MM Curator summary
After trying to undo their loss via the legislature, Paramount is now trying their luck in court.
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It tried to appeal, but the agency wouldn’t stop the Medicaid overhaul. It went to the state legislature, but Gov. Mike DeWine vetoed the effort.
So now, Toledo-based health care company ProMedica is going to the courts.
ProMedica, which owns Medicaid managed-care organization Paramount Advantage, announced Tuesday that it is has sued the Ohio Department of Medicaid. It’s seeking injunctive relief to halt the ongoing overhaul of the state’s Medicaid system and invalidate recently awarded contracts.
“Paramount brings this lawsuit to ensure the integrity of Ohio’s… selection process is fair, free, and open, as required by law, and to invalidate the fundamentally flawed black-box process that Defendants improperly conducted, without any authority to do so and without implementing the necessary safeguards against… biases toward Paramount,” the complaint filing read.
After a years-long procurement process, and as part of the overhaul, the Medicaid department in April chose six new companies to handle the governmental health insurance for more than 3 million low-income or disabled residents. Those contracts are worth around $20 billion, potentially the largest award in state history.
Paramount Advantage was the only current provider to lose out.
The company alleged bias in favor of large, out-of-state companies over Ohio-based ones and sought in the state budget to redo the process so it “protected Ohio jobs.” But that was vetoed by the governor.
The company filed an appeal to the Medicaid department itself, but that was rejected late June. The department said that ProMedica’s application for a contract made very few references to new elements of the Medicaid overhaul, such as OhioRISE, a program treating children with severe behavioral and mental problems.
In the court filing, attorneys for the company listed multiple problems as to why it believes the procurement process was faulty and unfair.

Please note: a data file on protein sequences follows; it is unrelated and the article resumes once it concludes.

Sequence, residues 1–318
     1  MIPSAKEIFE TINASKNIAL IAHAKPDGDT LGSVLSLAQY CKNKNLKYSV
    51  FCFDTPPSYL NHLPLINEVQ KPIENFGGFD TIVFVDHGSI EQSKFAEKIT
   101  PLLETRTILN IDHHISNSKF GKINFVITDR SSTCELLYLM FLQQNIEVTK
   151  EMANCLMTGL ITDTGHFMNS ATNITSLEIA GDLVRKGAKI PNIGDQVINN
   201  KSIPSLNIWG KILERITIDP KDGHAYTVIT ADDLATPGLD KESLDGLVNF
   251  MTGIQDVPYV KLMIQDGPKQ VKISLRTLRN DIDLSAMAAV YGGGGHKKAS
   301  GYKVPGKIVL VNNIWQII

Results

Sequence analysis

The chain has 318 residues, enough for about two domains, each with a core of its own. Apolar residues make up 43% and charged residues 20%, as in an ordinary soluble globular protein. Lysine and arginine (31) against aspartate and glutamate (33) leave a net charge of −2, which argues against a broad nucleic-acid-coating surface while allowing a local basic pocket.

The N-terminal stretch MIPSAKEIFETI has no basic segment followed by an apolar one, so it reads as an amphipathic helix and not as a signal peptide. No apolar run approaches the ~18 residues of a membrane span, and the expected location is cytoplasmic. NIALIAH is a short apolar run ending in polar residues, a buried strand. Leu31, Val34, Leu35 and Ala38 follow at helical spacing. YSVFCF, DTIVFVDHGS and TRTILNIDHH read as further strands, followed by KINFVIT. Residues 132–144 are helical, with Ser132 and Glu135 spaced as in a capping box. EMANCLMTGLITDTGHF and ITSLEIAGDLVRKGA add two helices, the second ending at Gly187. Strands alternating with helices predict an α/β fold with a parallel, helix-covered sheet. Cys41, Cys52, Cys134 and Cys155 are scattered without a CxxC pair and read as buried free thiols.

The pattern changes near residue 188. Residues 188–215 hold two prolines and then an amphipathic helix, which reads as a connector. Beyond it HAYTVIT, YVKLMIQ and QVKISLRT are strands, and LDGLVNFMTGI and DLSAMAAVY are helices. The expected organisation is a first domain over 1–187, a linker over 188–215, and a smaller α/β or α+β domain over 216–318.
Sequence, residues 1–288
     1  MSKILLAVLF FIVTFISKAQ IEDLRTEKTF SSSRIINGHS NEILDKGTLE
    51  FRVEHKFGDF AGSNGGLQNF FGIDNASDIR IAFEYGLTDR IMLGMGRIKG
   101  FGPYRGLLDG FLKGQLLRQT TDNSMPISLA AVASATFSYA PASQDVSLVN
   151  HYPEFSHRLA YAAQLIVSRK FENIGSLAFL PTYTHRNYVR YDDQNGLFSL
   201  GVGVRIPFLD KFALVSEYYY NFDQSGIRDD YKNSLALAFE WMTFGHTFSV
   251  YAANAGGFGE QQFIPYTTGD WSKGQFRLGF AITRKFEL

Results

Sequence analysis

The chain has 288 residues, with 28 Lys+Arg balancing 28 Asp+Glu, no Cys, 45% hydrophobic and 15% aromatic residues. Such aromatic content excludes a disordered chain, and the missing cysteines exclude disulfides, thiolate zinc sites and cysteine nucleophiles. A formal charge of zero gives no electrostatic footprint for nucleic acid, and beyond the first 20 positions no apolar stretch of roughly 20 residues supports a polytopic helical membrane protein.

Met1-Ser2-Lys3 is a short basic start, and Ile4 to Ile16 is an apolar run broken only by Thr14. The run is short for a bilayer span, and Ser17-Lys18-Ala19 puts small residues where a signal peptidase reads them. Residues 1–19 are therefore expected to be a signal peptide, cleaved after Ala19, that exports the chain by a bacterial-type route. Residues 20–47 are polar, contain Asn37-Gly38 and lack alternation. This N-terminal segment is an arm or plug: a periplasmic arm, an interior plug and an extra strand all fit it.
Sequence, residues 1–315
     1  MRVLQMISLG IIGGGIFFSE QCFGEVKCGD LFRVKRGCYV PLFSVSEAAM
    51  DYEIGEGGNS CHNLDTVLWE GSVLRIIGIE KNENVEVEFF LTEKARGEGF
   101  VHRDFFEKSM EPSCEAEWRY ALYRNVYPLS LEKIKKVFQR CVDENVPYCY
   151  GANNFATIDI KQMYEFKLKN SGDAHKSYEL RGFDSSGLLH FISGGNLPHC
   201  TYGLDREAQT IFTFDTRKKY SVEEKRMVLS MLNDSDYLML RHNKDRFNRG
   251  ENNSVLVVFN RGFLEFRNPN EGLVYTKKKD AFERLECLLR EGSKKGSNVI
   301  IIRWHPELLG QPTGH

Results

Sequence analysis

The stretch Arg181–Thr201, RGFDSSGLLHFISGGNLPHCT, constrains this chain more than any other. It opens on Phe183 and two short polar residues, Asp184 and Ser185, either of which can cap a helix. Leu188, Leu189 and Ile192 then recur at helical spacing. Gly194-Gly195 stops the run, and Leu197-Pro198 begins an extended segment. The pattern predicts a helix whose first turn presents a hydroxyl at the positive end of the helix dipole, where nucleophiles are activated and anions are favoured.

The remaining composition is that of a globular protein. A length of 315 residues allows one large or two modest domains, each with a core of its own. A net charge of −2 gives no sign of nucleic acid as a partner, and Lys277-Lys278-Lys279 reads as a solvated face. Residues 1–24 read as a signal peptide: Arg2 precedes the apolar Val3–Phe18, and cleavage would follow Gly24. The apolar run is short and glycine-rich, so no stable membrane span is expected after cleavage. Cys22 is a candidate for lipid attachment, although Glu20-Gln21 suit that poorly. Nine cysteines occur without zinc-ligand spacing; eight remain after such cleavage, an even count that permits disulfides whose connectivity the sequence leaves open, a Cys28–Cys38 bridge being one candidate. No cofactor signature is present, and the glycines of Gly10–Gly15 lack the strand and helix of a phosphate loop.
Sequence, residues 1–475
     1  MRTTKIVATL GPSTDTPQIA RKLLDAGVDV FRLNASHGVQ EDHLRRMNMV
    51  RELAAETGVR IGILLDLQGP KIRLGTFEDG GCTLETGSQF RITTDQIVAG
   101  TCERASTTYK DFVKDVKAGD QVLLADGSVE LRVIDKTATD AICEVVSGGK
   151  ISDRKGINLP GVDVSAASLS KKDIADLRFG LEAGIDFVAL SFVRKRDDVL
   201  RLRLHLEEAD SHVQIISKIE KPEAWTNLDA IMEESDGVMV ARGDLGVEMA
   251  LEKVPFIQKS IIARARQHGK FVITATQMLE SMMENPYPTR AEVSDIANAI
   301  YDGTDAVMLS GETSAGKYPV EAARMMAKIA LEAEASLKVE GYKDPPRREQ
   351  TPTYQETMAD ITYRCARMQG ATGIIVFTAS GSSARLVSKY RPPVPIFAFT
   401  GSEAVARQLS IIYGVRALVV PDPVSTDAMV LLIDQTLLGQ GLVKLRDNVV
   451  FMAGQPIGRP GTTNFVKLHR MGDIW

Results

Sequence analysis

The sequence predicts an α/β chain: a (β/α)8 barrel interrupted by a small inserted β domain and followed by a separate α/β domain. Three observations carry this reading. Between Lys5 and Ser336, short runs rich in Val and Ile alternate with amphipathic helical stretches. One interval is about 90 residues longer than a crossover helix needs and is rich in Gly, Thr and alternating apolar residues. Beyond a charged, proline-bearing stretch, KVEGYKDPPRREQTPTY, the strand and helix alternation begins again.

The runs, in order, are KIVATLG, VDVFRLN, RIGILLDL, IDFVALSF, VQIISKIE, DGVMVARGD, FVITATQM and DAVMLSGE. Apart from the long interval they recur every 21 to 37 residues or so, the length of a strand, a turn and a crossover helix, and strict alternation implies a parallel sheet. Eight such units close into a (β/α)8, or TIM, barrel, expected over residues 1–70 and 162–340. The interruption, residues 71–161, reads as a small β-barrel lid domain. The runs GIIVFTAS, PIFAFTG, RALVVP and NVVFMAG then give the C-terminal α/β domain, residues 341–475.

Attorneys cited a lack of transparency due to the Medicaid department’s refusal to satisfy open records requests related to the process. ProMedica questioned whether the department even had authority to preside over the selection process, saying the Medicaid department didn’t file necessary paperwork to the proper agency. Attorneys claim other legally required procedures were not followed.
A spokesperson for the Department of Medicaid said it has not yet received the complaint.
Many expected the lawsuit to come, and if it’s successful, health advocates have the same fears as they did when lawmakers were looking at redoing the procurement process. Critical reforms like OhioRISE or the implementation of a single pharmacy benefit system would be delayed.
Regardless, ProMedica is not backing down, saying jobs are at stake.
“ODM’s unlawful…. decision to deny Paramount a contract award will result in the loss of hundreds, if not thousands, of jobs in northwest Ohio at a time when the local, state, national and even global economies are still reeling from the effects of the year-and-a-half long pandemic,” it said in its filing.
Titus Wu is a reporter for the USA TODAY Network Ohio Bureau, which serves the Columbus Dispatch, Cincinnati Enquirer, Akron Beacon Journal and 18 other affiliated news organizations across Ohio.